Joachim Berger

Since the first sneak preview of EGO was presented to the public, we have been urged to incorporate a component which enables interaction and dialogue – Mr Trischler, you have expanded this request today – not just within the academic fraternity, but with the rest of society also. If one views EGO in the context of its own development, the project reflects the developments in digital publication and communication – we are perhaps a Web 1.5 project? Other digital publication projects in which IEG participates have also given us the impression that debate for the sake of debate is very hard to initiate in relatively small specialist communities in (specialist academic) internet forums, especially if the debate is not about digital communication itself or – as is the case in academic blogs – about very specialized questions. As far as I can see, debates that offer the possibility of academic "credits" still take place in the classical formats (reviews, responses, replies, etc.) in academic journals. My impression is that there are often general calls for an interactive forum, but when one asks academics about it in specific terms, they refer to the next review or to their next presentation, which – correctly – take precedence. But I would also like to put this question to the floor. Do you find that the interactive components that we have introduced, such as the option to comment on EGO articles via the European review platform recensio.net, are sufficient?

Professor Andreas Gestrich, German Historical Institute London

I think that one must decide in advance of embarking on such a project whether it is to be a "public history" or one that is aimed at an academic audience. Our articles are predominantly written within an academic sphere. This also changes the perspective on that which you, Mr Trischler, describe as transdisciplinarity. I think that the options are pretty limited in this regard, and perhaps our interest in this is also fairly limited. I would not place too much hope in this because the EGO project as a whole incorporates many disciplines. The good discussion forums are generally very specialized and not current, and perhaps it is not necessary to record the rest for all eternity.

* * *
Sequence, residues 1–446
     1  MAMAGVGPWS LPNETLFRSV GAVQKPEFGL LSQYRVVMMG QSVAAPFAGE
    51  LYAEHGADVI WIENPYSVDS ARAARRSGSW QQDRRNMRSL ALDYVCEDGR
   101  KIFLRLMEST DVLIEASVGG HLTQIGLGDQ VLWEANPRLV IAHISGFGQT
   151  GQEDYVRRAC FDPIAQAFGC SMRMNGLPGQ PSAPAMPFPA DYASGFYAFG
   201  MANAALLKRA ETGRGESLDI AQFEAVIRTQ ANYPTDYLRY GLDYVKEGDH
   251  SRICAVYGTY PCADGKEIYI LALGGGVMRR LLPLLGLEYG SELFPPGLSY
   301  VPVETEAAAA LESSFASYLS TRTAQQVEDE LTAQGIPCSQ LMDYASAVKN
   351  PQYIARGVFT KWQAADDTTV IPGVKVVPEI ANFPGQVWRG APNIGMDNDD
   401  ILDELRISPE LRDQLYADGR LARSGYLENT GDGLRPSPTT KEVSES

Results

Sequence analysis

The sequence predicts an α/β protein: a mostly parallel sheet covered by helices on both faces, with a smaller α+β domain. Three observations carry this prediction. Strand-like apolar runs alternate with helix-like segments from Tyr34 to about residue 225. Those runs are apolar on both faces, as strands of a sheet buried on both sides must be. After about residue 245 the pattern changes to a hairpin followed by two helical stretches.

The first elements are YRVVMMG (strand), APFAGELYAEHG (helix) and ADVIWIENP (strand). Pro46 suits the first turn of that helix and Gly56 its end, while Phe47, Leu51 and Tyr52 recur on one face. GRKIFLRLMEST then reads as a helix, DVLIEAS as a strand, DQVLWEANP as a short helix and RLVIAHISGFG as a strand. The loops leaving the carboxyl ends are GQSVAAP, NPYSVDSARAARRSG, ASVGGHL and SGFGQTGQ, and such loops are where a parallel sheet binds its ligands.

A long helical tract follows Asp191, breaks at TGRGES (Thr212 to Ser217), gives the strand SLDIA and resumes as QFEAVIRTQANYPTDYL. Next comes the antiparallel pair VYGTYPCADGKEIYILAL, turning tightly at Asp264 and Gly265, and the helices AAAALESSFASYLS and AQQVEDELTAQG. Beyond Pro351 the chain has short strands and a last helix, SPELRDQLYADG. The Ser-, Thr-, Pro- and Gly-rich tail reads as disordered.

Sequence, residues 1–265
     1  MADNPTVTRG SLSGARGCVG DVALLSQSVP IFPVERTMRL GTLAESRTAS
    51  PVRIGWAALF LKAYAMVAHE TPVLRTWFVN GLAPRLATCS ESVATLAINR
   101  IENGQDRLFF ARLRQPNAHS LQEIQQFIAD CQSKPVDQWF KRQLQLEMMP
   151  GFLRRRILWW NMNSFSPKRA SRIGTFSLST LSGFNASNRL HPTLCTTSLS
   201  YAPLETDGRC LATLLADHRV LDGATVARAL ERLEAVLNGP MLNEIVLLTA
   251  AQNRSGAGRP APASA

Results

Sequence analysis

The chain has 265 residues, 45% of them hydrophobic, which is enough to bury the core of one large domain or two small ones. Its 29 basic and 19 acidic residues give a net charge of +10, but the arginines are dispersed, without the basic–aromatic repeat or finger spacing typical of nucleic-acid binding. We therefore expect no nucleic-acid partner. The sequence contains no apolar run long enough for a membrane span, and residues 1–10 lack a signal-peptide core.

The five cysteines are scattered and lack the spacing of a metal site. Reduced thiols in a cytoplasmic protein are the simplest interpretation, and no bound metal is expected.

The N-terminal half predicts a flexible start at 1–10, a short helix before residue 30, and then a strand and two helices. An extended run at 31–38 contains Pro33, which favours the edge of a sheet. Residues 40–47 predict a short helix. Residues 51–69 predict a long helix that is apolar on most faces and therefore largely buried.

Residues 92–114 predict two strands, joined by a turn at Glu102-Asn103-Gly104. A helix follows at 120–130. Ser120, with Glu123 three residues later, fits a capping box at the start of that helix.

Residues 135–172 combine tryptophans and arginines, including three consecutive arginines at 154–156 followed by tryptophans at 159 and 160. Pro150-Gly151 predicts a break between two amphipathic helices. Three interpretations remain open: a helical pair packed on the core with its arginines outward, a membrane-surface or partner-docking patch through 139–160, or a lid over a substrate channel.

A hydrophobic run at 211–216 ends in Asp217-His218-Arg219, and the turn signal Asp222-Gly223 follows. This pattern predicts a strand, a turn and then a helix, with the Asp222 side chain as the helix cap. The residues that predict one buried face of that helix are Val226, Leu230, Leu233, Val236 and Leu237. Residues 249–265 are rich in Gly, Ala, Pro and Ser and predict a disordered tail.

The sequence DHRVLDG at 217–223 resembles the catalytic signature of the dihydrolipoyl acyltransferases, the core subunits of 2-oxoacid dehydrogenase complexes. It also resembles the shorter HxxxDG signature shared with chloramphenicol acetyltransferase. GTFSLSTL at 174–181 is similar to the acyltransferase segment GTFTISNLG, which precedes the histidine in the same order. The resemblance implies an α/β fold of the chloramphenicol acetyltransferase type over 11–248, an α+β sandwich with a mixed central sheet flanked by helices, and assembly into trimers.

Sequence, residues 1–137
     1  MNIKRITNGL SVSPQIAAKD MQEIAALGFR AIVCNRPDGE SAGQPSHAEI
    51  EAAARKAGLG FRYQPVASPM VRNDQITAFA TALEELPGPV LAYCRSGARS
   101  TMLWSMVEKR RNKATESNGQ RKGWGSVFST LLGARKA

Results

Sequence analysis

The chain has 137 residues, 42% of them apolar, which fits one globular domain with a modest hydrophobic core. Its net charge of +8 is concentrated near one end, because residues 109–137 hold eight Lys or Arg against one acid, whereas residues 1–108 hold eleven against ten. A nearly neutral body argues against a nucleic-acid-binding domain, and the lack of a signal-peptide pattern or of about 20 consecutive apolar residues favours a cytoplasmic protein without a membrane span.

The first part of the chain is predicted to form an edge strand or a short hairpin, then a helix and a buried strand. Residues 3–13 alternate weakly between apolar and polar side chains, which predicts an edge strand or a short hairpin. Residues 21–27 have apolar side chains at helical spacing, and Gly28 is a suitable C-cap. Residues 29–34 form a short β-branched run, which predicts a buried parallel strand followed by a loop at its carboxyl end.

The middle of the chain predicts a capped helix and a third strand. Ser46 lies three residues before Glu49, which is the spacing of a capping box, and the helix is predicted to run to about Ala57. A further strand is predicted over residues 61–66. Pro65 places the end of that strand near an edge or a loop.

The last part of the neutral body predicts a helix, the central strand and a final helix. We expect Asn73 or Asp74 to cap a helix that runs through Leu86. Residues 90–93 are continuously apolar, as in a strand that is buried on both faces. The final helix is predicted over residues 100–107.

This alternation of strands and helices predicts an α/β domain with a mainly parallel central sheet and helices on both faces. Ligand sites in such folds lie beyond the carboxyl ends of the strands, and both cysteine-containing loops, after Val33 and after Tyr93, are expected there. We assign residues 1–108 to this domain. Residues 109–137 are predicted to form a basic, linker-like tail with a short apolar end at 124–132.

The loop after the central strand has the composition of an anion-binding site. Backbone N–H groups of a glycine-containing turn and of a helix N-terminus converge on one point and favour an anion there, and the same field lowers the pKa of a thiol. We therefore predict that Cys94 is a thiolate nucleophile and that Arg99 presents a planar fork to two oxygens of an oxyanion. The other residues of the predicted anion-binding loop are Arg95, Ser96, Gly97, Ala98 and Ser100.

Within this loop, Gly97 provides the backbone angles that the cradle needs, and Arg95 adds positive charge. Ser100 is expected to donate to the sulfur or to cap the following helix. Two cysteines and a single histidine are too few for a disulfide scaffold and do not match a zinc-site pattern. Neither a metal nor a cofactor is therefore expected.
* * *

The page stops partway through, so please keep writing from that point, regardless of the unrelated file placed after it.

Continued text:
Helmuth Trischler

You are completely right, Mr Gestrich. My point was that we have to be clear about what we want, what we have achieved and where we want to take it from here. The decision to take one or two steps from Web 1.5 towards Web 2.0 or 2.5 would have enormous consequences. I do not think that these demands can be met in the context of the funding and resource structures of EGO. It is therefore more appropriate – as you emphasize – to aim at a graded specialist audience and not "public history", which runs the risk of wanting everything and ending up with a great muddle. I was trying to clarify where we stand and where we want to take the project, what we can't do and what we can't hope to do.

Professor Jürgen Wilke, Institute of Media Studies and Communication, University of Mainz

I would like to comment on what Mr Gestrich said, to go back to the topic of transdisciplinarity. The EGO texts are not centred around a thesis, or a current state of debate. Rather, they are relatively balanced depictions of the state of knowledge and research, and therefore not designed as material for a discussion. And a second problem is, of course, whether it would be possible to find institutional partners who would be able to help implement this kind of a transfer beyond the disciplines. I don’t believe the "Leibniz-Institute of European History" could manage this on its own. So one would have to decide, does one include, for example, the "Federal Centre for Political Education" or the "State Centres for Political Education", as institutions in the public domain? After all, the "public" is generally speaking a very vague concept, particularly on the internet. And I think that it only has a certain standard where it has a certain institutional basis. And another comment on interdisciplinarity: it has been depicted here that it [the issue of interdisciplinarity] can be solved or has been resolved here primarily through the participation of academics from other disciplines. That can, of course, only be part of the problem because the origin of the problem is in historical studies itself. How interdisciplinarily does it [historical studies] work and assimilate new knowledge? There are always limits to this. This is obvious because selection must always occur, but therein lies an important point, and when one looks from a peripheral area like mine at a whole series of these articles, one notices that there are knowledge gaps. Indeed, one cannot blame the authors for this because they do not find the "mediality" of transfer processes in the material which they usually work with. Therefore, something – which I wish to come back to later – would have to occur in the collaborative phase.

Translated by: Niall Williams
Copy Editor: Claudia Falk


N.N.: Discussion Section 1, in: Joachim Berger (ed.), EGO | European History Online – Aims and Implementation, Mainz 2013-12-15. URL: http://www.ieg-ego.eu/discussion1-2013-en URN: urn:nbn:de:0159-20140217136 [YYYY-MM-DD].